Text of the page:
Why Can’t I Find a Job?

Recently I have been doing research for school as to why people can’t seem to find gainful employment or employment in general. I have found a number of different reasons why people can’t seem to find work. Joblessness is sneaking into the United States as a common and mainstream trend. About 50 years ago, the ability for individuals from different backgrounds to hold and maintain a middle class standard of living was possible with little more than a high school diploma. Over the past 10 years, there has been a steady rate of unemployment in the United States with an ever increasing wage gap. Who are the people that seem unable to find a job and why can they not seem to find employment? The two prominent competing theories behind high unemployment are inadequate-aggregate-demand hypothesis, which is the lack of demand for a particular skill or service leading to low demand of that type of employment, and the rise-in-structural-unemployment, which is the lack of employment due to the lack of available jobs compared to the population of potential workers. These two theories do not take into account other variables that commonly contribute to prolonged joblessness. This literature review analyzes research from various disciplines addressing the issue of prolonged joblessness into three different characteristics: personal demographics, technological advancements, and regional limitations for employment.

One of the first things that must be done when applying for a job is to fill out an application and providing personal information. Sherry Mong and Vincent J. Roscigno discuss in their paper “African American Men and the Experience of Employment Discrimination” the difficulties and pitfalls that minorities endure when searching for employment by dealing with jobs being racialized for serving other minorities as well as commonly being offered less on-the-job training. While discrimination on various factors is illegal in the United States, there are still discriminatory strategies being observed. Long-term unemployment has been found to concentrate itself among a minority of individuals that have gone through widespread periods of unemployment. In this instance, the cyclical nature of being unemployed is causing individuals to remain unemployed and unemployable. The people that tend to fall into a trap such as this are those possessing a high school education or lower, those without job accessibility, and household size.

As I previously mentioned, technological advancements are causing more people to lose employment opportunities. It is not a secret that there has been tremendous growth in production because of robotics and automation. Andrew McAfee discussed in his TED Talk lecture that while it is great that androids and robots are doing more work and freeing up human beings from drudgery, they are also taking away jobs and income from the people that have traditionally performed those jobs and tasks. This form of outsourcing jobs is one of the biggest factors that modernization has played in the eradication of available employment. The concept of modernization was discussed by Shelly Irving who described how industrial and technological developments have created areas of economic devastation that thrived on factory and production jobs. The lack of employers in certain locations leads to the third common factor dealing with joblessness in the United States.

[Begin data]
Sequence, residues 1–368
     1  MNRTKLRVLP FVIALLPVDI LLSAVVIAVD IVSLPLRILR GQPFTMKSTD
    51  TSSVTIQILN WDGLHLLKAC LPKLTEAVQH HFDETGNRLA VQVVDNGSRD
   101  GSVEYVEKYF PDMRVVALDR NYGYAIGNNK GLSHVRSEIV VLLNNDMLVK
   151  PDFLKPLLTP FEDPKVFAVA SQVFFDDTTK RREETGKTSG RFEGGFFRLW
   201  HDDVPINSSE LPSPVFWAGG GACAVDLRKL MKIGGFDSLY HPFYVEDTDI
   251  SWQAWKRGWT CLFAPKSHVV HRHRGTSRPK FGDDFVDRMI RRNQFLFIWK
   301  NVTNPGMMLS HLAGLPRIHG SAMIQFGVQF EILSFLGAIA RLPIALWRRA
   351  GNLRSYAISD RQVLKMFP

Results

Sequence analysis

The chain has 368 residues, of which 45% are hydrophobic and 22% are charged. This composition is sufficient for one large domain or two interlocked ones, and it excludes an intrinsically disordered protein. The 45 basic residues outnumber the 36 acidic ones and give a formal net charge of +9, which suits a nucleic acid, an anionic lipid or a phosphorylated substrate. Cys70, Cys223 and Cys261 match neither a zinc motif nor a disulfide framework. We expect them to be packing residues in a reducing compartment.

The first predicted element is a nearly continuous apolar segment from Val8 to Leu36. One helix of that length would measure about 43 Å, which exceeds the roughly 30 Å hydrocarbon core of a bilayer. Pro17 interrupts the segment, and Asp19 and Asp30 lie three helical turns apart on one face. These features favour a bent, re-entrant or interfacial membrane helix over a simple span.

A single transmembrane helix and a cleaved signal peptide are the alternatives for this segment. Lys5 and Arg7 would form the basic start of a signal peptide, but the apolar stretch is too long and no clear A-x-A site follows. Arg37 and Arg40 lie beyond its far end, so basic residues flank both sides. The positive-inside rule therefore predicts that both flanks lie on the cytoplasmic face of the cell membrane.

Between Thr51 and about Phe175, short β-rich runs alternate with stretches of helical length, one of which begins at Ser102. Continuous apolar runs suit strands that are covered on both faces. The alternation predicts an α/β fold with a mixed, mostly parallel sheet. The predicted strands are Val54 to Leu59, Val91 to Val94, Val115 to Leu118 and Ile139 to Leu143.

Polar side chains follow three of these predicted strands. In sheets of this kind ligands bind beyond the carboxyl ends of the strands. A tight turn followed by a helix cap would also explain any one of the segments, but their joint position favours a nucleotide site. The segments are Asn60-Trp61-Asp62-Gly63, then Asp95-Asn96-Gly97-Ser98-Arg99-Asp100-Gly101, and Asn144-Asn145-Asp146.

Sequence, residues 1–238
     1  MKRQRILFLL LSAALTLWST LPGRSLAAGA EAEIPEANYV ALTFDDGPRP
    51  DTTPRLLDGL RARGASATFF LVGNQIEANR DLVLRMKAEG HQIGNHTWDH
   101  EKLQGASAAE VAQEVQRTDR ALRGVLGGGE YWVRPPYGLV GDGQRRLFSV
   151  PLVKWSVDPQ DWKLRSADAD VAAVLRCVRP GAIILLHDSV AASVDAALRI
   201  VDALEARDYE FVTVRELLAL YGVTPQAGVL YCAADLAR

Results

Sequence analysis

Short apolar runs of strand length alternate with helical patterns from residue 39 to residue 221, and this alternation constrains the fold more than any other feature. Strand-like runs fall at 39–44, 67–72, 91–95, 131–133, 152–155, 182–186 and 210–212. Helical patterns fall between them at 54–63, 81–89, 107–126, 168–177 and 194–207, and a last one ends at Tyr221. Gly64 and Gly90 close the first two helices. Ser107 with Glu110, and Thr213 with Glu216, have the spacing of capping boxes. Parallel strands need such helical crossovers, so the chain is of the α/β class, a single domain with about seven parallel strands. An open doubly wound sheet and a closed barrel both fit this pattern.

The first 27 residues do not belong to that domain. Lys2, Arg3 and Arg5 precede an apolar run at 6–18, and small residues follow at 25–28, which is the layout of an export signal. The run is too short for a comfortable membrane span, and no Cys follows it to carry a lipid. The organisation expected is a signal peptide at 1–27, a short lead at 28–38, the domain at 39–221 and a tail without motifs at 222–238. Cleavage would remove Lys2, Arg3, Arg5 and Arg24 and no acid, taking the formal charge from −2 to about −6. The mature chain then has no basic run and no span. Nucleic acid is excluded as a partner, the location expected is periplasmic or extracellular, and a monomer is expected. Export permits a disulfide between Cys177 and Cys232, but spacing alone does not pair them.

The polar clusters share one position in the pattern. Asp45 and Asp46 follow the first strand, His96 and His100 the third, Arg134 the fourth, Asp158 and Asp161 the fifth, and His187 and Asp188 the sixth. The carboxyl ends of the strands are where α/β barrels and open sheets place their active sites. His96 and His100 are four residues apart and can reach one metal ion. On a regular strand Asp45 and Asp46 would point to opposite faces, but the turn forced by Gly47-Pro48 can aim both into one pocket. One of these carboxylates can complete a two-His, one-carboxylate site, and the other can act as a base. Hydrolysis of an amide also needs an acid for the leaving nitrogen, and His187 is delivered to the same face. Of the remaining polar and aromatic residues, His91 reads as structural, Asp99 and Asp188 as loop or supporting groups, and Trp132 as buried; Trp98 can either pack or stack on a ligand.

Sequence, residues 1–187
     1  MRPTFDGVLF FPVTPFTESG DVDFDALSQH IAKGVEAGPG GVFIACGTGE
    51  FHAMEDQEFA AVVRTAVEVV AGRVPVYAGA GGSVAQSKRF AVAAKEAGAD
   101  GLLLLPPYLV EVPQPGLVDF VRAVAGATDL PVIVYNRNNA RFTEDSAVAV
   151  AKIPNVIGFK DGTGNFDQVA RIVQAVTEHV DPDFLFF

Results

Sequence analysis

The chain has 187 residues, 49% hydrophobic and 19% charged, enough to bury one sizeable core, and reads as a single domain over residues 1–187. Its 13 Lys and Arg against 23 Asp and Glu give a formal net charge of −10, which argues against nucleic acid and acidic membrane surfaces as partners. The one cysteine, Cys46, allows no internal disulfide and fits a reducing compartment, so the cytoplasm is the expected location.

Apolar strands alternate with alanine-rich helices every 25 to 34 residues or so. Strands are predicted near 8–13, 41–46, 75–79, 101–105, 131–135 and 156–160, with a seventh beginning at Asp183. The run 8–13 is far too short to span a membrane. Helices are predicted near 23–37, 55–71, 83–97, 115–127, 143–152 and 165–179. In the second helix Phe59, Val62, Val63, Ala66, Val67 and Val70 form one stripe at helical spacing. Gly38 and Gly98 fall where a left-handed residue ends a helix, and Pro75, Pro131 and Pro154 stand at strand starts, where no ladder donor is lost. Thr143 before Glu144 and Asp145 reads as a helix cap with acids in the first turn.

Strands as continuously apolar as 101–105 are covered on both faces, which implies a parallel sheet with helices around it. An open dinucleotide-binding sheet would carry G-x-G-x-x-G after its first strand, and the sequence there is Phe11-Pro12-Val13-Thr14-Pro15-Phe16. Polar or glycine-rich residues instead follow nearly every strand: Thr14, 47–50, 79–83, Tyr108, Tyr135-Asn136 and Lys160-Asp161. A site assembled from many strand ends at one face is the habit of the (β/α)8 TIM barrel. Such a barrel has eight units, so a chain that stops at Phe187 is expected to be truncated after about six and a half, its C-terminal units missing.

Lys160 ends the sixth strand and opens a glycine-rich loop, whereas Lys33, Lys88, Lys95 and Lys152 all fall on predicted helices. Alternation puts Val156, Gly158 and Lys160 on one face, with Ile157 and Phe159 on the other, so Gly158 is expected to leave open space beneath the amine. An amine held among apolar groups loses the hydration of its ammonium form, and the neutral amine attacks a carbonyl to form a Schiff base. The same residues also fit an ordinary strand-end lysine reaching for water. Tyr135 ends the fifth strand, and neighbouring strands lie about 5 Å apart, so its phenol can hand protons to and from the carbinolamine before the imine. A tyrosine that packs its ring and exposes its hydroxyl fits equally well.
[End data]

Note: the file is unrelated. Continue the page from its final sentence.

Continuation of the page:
The final point of discussion for joblessness in the United States is the regional limitations for employment. The regional limitations refer to both employers’ inabilities to offer employment in certain parts of the state and country as well as individuals’ inability to travel to a place of employment. The job market is not the same across the country as can be noted by looking at different job fields such as technology, pharmaceutical research, coal and fossil fuels. Job accessibility is defined in “Exploring the Connections Among Job Accessibility, Employment, Income, and Auto Ownership Using Structural Equation Modeling,” as the ability of workers living in an area to access jobs in all nearby regions. The rapid growth in modernizing and robotizing production in factories lead to rapid decentralization of jobs in many American cities, especially those in the Rustbelt states.

With these three factors weaving an intricate design in the way employment possibilities fluctuate in the United States, it is easy to see that the cause of prolonged unemployment is not a simple explanation. With these variables being discussed, it is clear to see that the two prominent competing theories behind high unemployment are in serious need of revisions. It is important to note that while the unemployment rate is still remarkably low, there is still a large population that is unemployed.

One of the biggest and most important ways to fix this problem is to publicize and offer more educational opportunities to people looking for work. I am not saying that they have to have college degrees or take on that type of debt. There are many hands-on skilled labor jobs and jobs that offer on-the-job training for employees. In addition to this, there are online programs that offer free services and training from computer and tech savvy jobs. I have attached some links to the resources that I know about.

Goodwill Community Foundation

Goodwill University

Great Nonprofits

I urge those that read this to share the information to help any that you may know find employment.

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